THE POWER TO STUDY

Brima Manso Bangura, a Watson Institute freshman from West Africa’s Sierra Leone, has his sights set on altering the perception of electricity in his homeland and internationally.

Bangura’s father serves an IT technician, which would lead his son to develop a fascination with building gadgets from scraps for amusement at a young age. In fact, one of Bangura’s initial projects came when he was eight-years-old.

“My mom is a nurse and her job was too hot, so I thought I’d make a fan to help keep her cool,” said Bangura. 

He first began working with the parts from power supply units, components that convert electrical currents and sometimes even store a charge. Bangura would dismantle and reconnect an onboard fan to create a portable, battery-operated fan for his mother.

Bangura’s greatest project, the one he considers most prominent, was built when he was 15-years-old.

“Where I grew up, electricity wasn’t constant,” he said. “When it came, you’d see people dancing with joy.”

With this lack of electricity, students would be forced to study for school next to candles and kerosene lamps.  Hoping to address this issue, Bangura sought to build something that would help him study better.

He began with a simple sketch for a power generator that could be built with the resources around him. Using bicycles as his foundation, Bangura created a bike-powered generator and power storage mechanism over the course of a month.

After collecting materials from a local scrap yard and working to purchase the remaining necessities, Bangura spent what would roughly be  250,000 leones, the local currency , on supplies.

“When I built the generator, it gained attention all over the country,” said Bangura. 

Despite this national attention, he continued to focus on his schoolwork per his father’s direction. Between the national attention and his academic success, Bangura earned a scholarship to study in South Africa at the African Leadership Academy (ALA).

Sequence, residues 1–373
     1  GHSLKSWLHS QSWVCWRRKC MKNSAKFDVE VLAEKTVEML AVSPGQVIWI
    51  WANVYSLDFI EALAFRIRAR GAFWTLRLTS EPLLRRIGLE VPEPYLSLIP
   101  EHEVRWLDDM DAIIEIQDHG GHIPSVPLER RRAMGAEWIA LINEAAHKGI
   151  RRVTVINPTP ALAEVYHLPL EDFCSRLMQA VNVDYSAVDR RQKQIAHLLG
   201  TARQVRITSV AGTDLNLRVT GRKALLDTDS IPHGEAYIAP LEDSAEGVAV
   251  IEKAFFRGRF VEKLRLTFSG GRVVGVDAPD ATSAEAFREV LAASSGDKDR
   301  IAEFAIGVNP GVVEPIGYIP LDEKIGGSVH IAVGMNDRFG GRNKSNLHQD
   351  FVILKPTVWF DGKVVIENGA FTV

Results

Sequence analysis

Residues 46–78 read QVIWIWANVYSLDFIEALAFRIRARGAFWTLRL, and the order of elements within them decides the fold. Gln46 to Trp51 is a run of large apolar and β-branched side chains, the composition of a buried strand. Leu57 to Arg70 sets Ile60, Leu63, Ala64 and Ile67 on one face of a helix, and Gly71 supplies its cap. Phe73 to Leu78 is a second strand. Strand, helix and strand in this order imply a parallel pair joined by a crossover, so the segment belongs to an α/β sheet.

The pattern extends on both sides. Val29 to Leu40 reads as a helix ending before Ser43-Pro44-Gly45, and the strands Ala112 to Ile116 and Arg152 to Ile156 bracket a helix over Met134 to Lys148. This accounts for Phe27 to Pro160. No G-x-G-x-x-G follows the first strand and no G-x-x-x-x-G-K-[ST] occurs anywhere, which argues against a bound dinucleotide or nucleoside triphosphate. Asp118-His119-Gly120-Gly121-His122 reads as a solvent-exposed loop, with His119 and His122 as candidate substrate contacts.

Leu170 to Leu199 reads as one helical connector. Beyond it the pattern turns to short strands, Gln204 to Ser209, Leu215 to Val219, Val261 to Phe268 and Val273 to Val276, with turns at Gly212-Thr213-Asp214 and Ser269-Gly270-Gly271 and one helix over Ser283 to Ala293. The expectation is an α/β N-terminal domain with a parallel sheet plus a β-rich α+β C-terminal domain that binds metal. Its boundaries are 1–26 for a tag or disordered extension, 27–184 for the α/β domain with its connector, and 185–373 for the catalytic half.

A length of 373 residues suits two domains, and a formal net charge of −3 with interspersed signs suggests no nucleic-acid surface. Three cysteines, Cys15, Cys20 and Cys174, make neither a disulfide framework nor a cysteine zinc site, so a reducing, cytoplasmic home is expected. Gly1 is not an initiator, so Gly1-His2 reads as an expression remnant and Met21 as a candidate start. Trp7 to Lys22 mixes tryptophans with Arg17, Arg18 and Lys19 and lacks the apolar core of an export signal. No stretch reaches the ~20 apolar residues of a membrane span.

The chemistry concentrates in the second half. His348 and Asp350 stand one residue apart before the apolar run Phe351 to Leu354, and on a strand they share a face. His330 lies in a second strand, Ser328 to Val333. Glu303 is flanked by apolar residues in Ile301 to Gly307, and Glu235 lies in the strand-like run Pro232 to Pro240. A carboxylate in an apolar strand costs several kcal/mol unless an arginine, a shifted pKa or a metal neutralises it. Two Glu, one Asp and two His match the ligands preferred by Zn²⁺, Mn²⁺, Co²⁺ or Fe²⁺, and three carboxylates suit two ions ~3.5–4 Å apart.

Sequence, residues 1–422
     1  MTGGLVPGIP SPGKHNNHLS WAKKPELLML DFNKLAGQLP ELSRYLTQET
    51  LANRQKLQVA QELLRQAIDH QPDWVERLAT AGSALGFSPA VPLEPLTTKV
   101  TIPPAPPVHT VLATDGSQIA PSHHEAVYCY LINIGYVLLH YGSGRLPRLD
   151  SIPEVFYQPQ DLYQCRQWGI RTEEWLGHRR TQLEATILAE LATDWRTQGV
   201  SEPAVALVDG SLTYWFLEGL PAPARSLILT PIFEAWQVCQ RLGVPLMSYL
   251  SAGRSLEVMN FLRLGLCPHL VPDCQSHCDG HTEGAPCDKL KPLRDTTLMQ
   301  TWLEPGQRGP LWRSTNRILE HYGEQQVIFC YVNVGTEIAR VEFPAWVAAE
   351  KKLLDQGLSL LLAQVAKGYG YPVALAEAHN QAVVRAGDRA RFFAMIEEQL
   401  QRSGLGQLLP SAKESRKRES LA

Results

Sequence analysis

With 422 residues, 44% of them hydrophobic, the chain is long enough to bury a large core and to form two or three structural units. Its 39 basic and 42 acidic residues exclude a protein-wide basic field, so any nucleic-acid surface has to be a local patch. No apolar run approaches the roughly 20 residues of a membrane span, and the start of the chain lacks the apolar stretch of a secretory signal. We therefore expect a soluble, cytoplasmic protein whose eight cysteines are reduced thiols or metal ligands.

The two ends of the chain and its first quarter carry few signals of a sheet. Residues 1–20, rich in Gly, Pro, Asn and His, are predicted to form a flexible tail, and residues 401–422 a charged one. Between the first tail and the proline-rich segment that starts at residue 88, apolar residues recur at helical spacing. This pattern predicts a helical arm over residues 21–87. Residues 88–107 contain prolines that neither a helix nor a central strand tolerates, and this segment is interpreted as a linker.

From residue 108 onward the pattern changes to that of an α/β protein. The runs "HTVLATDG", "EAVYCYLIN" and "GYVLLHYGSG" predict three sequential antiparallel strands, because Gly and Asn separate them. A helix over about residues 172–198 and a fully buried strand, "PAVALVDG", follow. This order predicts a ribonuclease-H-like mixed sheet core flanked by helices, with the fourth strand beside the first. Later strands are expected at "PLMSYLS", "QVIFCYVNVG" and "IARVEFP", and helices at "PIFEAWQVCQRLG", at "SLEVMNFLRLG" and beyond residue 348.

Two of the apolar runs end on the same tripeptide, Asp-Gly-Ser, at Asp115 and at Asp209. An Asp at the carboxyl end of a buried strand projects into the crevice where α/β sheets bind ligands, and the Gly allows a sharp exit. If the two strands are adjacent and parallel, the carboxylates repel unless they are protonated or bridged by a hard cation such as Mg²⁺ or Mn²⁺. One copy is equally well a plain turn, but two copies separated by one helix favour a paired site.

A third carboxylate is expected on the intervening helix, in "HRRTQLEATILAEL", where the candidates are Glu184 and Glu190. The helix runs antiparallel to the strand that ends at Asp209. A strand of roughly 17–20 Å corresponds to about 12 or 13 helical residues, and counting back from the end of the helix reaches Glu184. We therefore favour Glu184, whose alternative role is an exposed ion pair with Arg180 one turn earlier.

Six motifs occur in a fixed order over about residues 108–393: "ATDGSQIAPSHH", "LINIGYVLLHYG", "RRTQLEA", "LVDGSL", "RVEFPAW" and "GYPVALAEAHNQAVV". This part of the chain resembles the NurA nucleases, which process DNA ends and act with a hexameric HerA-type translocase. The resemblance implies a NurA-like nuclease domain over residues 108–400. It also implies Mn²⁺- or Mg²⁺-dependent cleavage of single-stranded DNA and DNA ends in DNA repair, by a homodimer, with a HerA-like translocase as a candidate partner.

Bangura studied at ALA for two years. While there, he formed an innovation club called Makey Makey, with a founding purpose to train students to be conscious of innovation and creative solutions.

During that time, Bangura also researched carbon monoxide, odorless and colorless gas. He realized that many of the health issues people in Sierra Leone attributed to witchcraft were actually the result of carbon monoxide poisoning from light sources or cooking fires.

Bangura explained that a lack of awareness of carbon monoxide was not the problem, though. The actual problem would be found as a lack of electricity, causing people to turn to unsafe sources of light and heat. 

After graduating from ALA, Bangura was invited to study aerospace engineering in Daytona Beach. 

“I wasn’t given a scholarship, so I took a gap year to raise money,” he said.    During that time, Bangura took part in BUILD-in-a-Box, a camp that taught students the BUILD process created by ALA.

Bangura also received an award from the Queen of England. Last June, he went to Buckingham Palace to receive the Silver Medal Award. He also went on a tour of Cambridge, BBC World Headquarters, Facebook London, Instagram Europe HQ and Number 10 Downing Street (British Parliament).

From his trip to Britain, Bangura received a recommendation letter to the Watson Institute. As a Watson student, he is using his familiarity with electricity as a focal point. 

“I realize that electricity is a major issue, especially for students to study,” said Bangura. “I want to see how best I can create something to help with the problem. I think America has the right resources available to me. Here, I’ll be able to utilize even more resources than I did back home.”

Now in his second semester at Lynn, Bangura looks to build off of his wide-ranging experiences in Africa.  Via his studies, he hopes to transform how electricity is perceived throughout the continent.

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